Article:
Review of the 4tronix Pi2Go Mk 2 – an exquisite Raspberry Pi robot packed with features and fun

Back in 2014, robotics specialist 4tronix released the Pi2Go and the Pi2Go Lite, great robotics kits using PCBs as the robot chassis, surrounding a Raspberry Pi.

Now, 5 years (and many products, including this year’s Pi Wars badge!) later, Gareth has designed the follow-up to the Pi2Go, conveniently called the Pi2Go Mk 2. He sent me one to put together and play with, so here goes.

TL;DR – It’s fabulous, it has everything and costs £72 (inc VAT). Get one from the 4tronix website. You can get 10% off everything at 4tronix by using code 4TXPARTY10.

What’s in the box?

The Pi2Go Mk 2 comes in an attractive retail box and contains all the components you need, apart from a Raspberry Pi (all main, 40-pin models are supported – the Zero is usable if you get yourself some extra spacers), an SD card and some rechargeable AA batteries.

The central piece of the puzzle is the Pi2Go main board. It has all the mounting points for the support structure, the motors etc and also has push-fit headers for the extra bits and pieces. It also houses the DRV8833, a standard motor controller, but a very reliable one.

The other big part of the structure is the battery pack. The battery pack comes in several flavours. The default one that comes with the Pi2Go is for 6 rechargeable AA batteries. There is also an option for 7 AAs to give a bit of extra grunt and also a board for two 18650 rechargeable lithium cells which are more resilient to the current used for the motors and, specifically, for the Raspberry Pi 4 (if that’s what you’re using) which uses more juice.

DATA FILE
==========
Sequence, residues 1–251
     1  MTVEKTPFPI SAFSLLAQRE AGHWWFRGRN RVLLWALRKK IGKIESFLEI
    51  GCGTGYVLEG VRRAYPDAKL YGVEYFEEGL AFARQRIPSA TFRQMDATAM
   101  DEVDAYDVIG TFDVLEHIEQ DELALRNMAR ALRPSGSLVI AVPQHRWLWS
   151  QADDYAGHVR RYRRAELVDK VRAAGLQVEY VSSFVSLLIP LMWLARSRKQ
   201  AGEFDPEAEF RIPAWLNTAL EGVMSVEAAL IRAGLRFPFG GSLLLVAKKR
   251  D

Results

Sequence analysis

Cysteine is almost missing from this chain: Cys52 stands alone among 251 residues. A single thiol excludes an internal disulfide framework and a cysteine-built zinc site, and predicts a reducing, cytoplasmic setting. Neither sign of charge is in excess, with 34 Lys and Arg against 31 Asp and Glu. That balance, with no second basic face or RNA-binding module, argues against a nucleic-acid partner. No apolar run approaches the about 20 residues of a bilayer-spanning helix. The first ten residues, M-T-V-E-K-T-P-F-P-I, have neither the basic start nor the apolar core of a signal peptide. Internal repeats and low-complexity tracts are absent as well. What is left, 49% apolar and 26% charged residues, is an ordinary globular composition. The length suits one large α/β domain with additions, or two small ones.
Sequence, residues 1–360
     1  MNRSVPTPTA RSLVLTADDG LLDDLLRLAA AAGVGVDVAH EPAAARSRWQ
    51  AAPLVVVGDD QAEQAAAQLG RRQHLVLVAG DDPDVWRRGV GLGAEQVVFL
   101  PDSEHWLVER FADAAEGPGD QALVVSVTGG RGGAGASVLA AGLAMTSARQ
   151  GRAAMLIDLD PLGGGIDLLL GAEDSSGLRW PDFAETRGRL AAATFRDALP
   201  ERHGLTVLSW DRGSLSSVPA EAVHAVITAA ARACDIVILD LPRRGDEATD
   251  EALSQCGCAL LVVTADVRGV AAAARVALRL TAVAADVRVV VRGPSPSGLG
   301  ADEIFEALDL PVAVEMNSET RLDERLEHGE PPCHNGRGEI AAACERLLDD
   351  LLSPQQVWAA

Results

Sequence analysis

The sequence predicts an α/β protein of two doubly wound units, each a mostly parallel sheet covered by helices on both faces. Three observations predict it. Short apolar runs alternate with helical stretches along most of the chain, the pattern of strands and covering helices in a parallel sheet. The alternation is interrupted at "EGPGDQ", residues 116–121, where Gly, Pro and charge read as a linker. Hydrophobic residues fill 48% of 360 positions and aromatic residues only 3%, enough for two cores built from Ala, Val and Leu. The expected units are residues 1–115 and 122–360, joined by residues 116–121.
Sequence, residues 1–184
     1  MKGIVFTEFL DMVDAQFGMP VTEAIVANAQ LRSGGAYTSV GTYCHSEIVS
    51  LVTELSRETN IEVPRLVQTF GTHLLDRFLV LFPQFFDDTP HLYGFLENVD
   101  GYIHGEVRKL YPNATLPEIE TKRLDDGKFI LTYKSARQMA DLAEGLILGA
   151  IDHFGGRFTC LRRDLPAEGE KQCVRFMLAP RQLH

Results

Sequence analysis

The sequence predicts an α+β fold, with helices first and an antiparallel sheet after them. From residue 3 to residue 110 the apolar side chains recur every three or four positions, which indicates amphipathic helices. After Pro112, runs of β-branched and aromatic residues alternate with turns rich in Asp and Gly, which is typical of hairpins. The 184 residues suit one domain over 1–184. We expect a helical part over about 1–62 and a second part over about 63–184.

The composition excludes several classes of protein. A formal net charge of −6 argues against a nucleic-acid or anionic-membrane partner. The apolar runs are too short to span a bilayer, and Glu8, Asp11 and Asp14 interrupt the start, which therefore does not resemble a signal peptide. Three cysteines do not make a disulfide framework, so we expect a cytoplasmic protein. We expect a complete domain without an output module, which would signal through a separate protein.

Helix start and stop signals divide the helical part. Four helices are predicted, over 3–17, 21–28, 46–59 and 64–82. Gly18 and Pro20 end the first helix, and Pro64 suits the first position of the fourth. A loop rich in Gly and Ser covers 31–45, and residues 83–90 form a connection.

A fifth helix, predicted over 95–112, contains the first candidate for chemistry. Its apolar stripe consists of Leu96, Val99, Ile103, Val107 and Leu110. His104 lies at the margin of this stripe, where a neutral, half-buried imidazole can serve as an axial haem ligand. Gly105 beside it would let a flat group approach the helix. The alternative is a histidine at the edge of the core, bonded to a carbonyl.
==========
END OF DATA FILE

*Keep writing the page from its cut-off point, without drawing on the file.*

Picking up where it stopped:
Bit by bit, step by step, putting it together

I decided to put together my Pi2Go using the 7-battery plate, just because.

A full assembly instruction guide is available on the 4tronix website. I followed the guide to the letter. I got a little confused at one point because there were some extra screws provided, but I soldiered on. Everything fitted together “just so” – I would suggest children who are lacking in fine motor skills would need some assistance, but slightly older children with more control would have no problem. It comes with a screwdriver and a hex-nut tool, which was handy.

I particularly like the little motor mounts that hold the motors/wheels to the assembly. Speaking of which, the included wheels are of a new type – very nice, very grippy. I also liked the way that power is delivered to the main board – through the pillar stand-offs – and I really appreciated that no soldering was involved – I could do the whole thing on the kitchen table without worrying about scorch marks!